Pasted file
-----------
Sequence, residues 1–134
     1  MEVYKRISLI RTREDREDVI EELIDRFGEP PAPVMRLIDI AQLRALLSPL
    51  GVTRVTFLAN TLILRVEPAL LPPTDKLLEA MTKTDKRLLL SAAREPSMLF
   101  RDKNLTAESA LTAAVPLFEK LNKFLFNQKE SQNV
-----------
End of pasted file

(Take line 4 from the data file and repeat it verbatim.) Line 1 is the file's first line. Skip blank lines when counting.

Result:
   101  RDKNLTAESA LTAAVPLFEK LNKFLFNQKE SQNV